October 22, 2004
Transportation Security Administration (TSA) chief David M. Stone heard concerns about restrictions on general aviation flying directly from AOPA members at a well-attended AOPA Expo general session on Friday. The questioning became passionate at times but ended with a standing ovation when Stone pledged to come back next year.
Watch videos of the general session: Part 1 | Part 2 [broadband connection recommended].
In opening remarks, Stone said the TSA depends heavily on partnerships within the aviation community, including the AOPA Airport Watch program, to achieve its goals. He said TSA does not want the government to put up temporary airspace restrictions "...just to feel good, without realizing the ramifications on access" to the air transportation system.
Questions covered a wide variety of areas, from background checks at flight schools and communication with pilots to access to FAA facilities. Quite often Stone answered by saying that he was not aware of the issue and pledged to work closely with AOPA President Phil Boyer to learn more. Boyer entered the debate after a questioner wanted to know why her Boy Scouts, needing information to earn their aviation merit badges, can't enter towers or flight service stations. Stone said he would talk to FAA Administrator Marion Blakey because "I wasn't aware it was an issue."
"He's pointing at Marion and Marion is pointing at him," Boyer added, promising the questioner that he personally would find out from where the restrictions emanate on visits by youth programs to FAA facilities. Boyer added that flight controllers are extremely concerned that terrorists might enter and command an air traffic control facility.
The former Navy admiral bristled when one questioner accused the TSA of arrogance, saying he has reached out to the aviation community through face-to-face meetings with numerous trade groups to understand concerns. Discussions have been in progress for some time to allow AOPA staff into TSA security briefings to improve understanding between GA and TSA. Stone promised to check on the progress of those efforts.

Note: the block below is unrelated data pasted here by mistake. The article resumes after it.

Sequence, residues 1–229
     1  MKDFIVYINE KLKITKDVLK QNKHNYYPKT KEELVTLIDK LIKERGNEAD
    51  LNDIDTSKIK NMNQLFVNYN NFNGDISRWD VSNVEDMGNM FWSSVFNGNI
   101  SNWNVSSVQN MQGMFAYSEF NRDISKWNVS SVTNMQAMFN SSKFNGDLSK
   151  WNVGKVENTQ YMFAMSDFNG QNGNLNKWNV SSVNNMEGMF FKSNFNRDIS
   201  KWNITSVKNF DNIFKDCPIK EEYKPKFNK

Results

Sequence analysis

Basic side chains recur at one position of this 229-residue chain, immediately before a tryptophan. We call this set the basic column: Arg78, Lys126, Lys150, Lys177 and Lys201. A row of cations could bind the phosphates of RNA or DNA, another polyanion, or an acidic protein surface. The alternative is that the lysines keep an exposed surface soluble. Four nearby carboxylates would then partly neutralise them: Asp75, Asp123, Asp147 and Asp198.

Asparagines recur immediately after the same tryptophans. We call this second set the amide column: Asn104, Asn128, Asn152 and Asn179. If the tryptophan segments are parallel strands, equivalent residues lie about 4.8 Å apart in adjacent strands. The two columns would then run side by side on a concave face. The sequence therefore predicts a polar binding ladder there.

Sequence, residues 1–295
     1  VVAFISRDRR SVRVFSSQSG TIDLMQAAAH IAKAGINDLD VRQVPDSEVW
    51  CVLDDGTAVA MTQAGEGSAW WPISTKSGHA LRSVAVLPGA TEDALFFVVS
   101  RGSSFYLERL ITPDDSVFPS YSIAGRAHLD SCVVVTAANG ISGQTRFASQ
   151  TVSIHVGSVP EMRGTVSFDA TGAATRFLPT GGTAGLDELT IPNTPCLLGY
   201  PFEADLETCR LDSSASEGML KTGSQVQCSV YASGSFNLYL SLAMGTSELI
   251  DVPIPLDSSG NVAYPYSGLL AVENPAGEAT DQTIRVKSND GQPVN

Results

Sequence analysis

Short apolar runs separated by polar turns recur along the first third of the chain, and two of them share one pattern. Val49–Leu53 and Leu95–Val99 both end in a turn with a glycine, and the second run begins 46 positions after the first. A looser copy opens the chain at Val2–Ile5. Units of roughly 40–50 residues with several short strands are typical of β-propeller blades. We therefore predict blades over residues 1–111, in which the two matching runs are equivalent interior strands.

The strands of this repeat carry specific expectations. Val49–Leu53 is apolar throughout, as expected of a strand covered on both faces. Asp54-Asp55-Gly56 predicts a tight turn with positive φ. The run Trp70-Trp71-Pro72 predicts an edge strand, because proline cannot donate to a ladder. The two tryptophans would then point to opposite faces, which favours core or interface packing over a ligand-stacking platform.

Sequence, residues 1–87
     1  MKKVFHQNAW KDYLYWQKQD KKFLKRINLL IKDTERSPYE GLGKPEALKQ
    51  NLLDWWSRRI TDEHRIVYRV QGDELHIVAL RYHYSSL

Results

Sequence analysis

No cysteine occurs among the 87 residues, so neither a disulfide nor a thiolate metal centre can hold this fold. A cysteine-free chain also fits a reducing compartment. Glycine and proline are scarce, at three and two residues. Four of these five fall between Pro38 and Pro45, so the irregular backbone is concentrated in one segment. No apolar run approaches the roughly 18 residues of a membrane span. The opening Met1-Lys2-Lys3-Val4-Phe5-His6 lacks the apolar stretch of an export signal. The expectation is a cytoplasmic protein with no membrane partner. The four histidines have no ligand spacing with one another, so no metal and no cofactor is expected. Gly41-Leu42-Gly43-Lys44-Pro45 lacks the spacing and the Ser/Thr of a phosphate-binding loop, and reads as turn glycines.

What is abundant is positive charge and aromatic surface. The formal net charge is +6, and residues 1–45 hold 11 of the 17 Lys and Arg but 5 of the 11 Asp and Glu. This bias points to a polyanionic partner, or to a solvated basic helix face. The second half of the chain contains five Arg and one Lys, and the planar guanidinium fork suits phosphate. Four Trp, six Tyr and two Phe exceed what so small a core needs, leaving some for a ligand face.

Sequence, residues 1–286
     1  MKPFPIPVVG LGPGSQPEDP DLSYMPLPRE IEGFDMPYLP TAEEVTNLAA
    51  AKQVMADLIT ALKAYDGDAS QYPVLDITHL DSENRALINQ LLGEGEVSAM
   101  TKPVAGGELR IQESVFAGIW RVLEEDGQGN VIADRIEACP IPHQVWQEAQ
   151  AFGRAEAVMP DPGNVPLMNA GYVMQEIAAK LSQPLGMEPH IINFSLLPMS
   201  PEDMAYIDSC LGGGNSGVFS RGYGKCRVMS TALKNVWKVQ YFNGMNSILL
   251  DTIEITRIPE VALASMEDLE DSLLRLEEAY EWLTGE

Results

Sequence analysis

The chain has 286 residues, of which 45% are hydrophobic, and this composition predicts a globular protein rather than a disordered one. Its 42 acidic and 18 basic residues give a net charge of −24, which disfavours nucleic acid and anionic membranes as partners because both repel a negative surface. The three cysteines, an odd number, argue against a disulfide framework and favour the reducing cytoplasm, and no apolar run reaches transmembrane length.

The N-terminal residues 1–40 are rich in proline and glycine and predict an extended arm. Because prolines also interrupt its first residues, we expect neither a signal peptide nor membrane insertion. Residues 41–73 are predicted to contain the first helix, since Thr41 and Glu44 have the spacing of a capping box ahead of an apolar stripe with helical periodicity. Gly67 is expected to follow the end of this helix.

"CFIs are not immigration officials," another questioner said. "I have to fingerprint my own wife before I can train her," he added. Stone said he would meet with Boyer to understand issues faced by flight schools that train foreign students.
An occasional contributor to AOPA Pilot who operates a training school in Alaska cited a problem with students who also serve as foreign flight crews on Boeing 747 freighters stopping in Fairbanks, Alaska. "They come in flying a fully loaded 747, go out flying a fully loaded 747, and yet can't take three days of training in a Cessna 170 at my flight school," said Mike Vivion. He offers tailwheel endorsements and floatplane ratings, both of which can be completed during the typical three-day layover of flight crews. Stone said he would look at ways to accelerate the student-approval process and, again, consult with Boyer.
The session closed with a questioner calling Stone the "head Keystone Cop." Shortly after, Stone pledged to return to AOPA Expo next year in Tampa, Florida, despite the tense atmosphere.
October 22, 2004
AOPA President Mark Baker and AOPA Foundation Executive Director Jim Minow are challenging one another to see who can recruit the most Hat in the Ring Society members for the foundation before the end of the year.
Two general aviation airports located two miles apart in a remote section of northeast Oregon are coming alive, thanks to pilots and area residents.
Installing a fuel farm at Berrien County Airport in Nashville, Georgia, could increase the airport’s economic impact on the local community from its last reported $682,200 to nearly $1 million, according to AOPA.
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